Water covers about 75% of our planet.  From oceans to rivulets, aquatic biomes are host to a wide variety of life-forms, and minerals, from the most common algae to the most mysterious deep-sea creature.

There is still much to learn about aquatic biomes... 

Images of Aquatic Biomes


Freshwater Regions

Freshwater is so called because of its extremely low salt content.  It exists in various forms such as lakes, rivers, ponds, swamps, or wetlands such as the Florida everglades, and is host to a wide variety of plants and animals.

As the Earth warmed up following the Pleistocene era, or ice-age, the accumulation of melted ice went on to form the various lakes which are found around the globe.  Because lakes are generally separated from one another, they are home to few species and plant life.  While lakes can exist for centuries, other inland bodies of water such as ponds tend to dry up fairly quicker.  Because of that factor, the species which breed and inhabit these areas are often threatened by extinction, especially when major change is brought on my human expansion.  

Lakes and ponds, are like the oceans, in that they are divided into separate zones which are defined by their distance from the shore.  The littoral zone, which is closet to the shore is host to a wide variety of species due to its warm, shallow environment.  Various species of invertebrates, crustaceans, plants and amphibians thrive in this environment, and in turn provide food for predators such as birds, reptiles and other creatures inhabiting the shoreline.

The limnetic zone, the open water near the surface of a lake or pond, is home to a variety of phytoplankton, and zooplankton, which play an important role in the food chain. Several species of freshwater fish such as bass and lake trout can also be found this area, mainly feeding on insects and plankton.   The deeper region of a lake or pond is called the profundal zone.  This zone, shrouded in darkness, and serves as a repository for dead plankton, and is inhabited by creatures which feed mostly on decaying organisms.  Because freshwater biomes are inland, they are more subject to seasonal changes

Other areas of still waters, or wetlands, such as glades, swamps, and marshes support a large variety of aquatic flora and fauna.  Aside from plants such as sedges and pond lilies, the wetlands also support a few types of trees, such as cypress, which are highly adapted to the high humidity of these regions.  The wetlands are rich in life forms, from reptiles, to mammals, to amphibians and birds, to hundreds of insects.  Some wetlands, such as the ones found in the San-Francisco Bay area, are host to shellfish, shrimp, and other marine creatures due to their high salt content.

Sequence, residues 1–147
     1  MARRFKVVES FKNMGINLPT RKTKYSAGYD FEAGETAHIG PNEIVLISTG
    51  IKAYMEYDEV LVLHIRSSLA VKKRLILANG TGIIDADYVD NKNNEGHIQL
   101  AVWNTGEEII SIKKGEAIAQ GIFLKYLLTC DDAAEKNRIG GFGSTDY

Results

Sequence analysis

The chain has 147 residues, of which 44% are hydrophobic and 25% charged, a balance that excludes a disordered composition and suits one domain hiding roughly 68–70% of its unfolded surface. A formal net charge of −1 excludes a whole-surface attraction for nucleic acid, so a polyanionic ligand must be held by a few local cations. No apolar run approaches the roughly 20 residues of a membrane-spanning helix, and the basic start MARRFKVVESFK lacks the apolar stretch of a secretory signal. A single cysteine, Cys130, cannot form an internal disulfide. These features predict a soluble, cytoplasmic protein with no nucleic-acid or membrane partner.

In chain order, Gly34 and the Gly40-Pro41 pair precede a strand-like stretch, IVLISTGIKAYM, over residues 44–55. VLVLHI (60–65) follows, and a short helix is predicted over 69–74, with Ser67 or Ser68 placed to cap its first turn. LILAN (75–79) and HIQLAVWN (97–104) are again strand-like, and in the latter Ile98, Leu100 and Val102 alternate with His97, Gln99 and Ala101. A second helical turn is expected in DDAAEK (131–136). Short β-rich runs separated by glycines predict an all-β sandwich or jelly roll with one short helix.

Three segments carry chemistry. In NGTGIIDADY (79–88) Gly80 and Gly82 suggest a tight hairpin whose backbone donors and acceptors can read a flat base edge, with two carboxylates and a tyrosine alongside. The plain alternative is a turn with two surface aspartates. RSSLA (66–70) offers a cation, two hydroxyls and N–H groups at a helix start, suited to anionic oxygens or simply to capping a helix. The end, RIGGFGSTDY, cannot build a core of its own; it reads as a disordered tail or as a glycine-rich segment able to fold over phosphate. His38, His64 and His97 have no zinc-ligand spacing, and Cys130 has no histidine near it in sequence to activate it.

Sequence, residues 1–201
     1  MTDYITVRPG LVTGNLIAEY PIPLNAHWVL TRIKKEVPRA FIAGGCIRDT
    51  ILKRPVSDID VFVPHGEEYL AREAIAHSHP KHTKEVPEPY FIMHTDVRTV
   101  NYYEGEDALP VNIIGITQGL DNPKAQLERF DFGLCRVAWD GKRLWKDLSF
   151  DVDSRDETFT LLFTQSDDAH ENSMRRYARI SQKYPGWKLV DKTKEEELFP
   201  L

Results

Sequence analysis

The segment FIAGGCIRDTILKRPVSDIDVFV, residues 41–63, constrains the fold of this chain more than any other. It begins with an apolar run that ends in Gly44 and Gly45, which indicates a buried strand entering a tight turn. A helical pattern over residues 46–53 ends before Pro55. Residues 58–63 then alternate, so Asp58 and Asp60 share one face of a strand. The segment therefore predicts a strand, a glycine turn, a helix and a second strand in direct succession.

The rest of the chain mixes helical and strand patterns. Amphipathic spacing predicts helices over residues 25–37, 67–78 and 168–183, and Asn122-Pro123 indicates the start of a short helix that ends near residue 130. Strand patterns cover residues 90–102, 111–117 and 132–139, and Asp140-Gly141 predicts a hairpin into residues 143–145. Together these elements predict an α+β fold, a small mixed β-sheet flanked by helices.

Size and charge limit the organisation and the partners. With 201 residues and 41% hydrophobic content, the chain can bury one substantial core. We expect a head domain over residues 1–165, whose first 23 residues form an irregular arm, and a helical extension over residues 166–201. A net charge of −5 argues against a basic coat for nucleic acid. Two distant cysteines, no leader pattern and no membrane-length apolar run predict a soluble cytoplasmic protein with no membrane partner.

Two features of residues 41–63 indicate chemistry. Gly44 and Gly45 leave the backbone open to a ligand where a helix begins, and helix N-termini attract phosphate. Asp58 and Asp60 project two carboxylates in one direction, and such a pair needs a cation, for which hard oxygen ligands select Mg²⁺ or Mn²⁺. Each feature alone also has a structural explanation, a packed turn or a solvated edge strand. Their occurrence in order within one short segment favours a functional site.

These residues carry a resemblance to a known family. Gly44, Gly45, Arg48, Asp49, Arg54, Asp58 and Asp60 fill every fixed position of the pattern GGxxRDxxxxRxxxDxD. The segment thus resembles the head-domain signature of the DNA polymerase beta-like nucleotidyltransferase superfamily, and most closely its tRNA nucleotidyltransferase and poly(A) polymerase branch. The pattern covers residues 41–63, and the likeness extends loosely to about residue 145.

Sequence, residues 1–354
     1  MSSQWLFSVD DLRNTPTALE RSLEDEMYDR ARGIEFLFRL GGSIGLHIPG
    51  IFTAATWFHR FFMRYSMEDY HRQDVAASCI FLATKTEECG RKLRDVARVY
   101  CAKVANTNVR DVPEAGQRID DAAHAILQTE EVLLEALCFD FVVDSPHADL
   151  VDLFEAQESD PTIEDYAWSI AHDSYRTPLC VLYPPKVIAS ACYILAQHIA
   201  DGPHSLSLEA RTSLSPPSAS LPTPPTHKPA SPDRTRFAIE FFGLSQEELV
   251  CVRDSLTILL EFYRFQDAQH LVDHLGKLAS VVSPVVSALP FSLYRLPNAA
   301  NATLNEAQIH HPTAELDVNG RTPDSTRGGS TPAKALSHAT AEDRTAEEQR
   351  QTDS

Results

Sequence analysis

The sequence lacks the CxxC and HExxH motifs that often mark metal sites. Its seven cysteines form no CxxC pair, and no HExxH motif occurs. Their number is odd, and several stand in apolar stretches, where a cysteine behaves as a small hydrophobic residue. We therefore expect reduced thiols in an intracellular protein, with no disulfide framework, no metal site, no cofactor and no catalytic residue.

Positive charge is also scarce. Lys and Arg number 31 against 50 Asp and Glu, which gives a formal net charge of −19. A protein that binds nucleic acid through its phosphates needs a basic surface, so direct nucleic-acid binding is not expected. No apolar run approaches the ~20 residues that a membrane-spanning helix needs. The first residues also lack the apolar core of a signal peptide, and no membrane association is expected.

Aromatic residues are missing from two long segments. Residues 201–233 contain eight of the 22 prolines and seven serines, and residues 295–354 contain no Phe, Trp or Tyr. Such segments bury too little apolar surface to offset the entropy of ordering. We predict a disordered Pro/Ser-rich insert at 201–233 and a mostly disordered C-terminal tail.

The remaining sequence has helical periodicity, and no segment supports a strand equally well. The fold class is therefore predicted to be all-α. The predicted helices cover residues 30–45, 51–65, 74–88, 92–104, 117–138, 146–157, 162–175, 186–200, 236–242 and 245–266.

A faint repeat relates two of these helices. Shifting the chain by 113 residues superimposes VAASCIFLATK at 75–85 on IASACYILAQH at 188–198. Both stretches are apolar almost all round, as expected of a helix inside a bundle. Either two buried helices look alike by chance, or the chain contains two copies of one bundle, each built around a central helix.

Rivers and streams mostly get started from mountainous ice and snow melting and springs.  Ultimately, rivers and streams end up at the ocean or another waterway.  Since this water is in constant motion, it is quite different in fauna and flora to that of lakes and ponds.  animals and plants which thrive in lakes would have trouble surviving the colder water and limited shorelines of rivers.  Some fish, such as river trout, and small scavengers such as crayfish can be found in various areas of the river; usually depending on water temperature and the exposure of a riverbank to sunlight. The colder areas are host to salmon and other more vigorous fish, whilst the warmer areas, rich in sediment and decaying matter are inhabited by catfish, carp, and other bottom feeders. River plants include floating weeds and algae, mostly found forming around rocks and submerged tree roots.

The area where freshwater meets saltwater, is called an estuary; this area usually features unique characteristics, trees and algae, seaweed, wetland flora, and various species of invertebrates, birds, reptiles and crustaceans congregate into a complex ecosystem, serving as a "trade center" to the world's aquatic biomes.

Estuaries: Where Rivers Meet the Sea
Canadian Great Lakes Region
Wetland.org
Society of Wetland Scientists
Rivers and Streams
Limnology: Lake and River Ecosystems
by Robert G. Wetzel (Hardcover)

Lake and Pond (Exploring Earth's Biomes)
by April Pulley Sayre (Library Binding - April 1996)

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